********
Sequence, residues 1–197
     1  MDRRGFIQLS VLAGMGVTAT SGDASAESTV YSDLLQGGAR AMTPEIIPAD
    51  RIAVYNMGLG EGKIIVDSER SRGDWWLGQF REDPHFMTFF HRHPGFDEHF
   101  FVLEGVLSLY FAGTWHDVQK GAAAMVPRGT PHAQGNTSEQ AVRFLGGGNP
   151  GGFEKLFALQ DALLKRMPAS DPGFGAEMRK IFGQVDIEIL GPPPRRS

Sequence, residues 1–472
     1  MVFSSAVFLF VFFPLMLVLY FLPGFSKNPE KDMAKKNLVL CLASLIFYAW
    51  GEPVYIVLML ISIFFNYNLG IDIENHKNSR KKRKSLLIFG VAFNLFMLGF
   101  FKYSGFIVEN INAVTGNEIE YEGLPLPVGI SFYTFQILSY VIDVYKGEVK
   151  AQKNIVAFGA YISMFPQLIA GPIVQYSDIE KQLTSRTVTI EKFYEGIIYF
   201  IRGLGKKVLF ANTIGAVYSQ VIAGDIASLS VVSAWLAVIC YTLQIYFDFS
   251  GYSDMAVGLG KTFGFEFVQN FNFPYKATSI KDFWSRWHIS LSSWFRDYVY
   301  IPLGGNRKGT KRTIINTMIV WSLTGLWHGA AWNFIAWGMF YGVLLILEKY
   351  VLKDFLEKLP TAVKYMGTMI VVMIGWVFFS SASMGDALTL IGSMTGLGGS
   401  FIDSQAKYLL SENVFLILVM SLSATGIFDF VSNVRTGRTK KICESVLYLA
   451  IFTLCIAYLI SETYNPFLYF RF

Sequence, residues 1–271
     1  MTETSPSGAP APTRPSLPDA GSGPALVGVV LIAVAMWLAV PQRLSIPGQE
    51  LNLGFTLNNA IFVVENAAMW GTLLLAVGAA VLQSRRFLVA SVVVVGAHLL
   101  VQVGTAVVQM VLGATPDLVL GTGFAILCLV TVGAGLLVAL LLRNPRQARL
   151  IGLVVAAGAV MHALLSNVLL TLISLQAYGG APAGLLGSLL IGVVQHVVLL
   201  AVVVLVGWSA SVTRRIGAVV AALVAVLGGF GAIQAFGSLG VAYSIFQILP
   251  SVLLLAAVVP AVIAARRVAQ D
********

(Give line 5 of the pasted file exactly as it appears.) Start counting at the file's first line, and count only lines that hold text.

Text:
   151  GGFEKLFALQ DALLKRMPAS DPGFGAEMRK IFGQVDIEIL GPPPRRS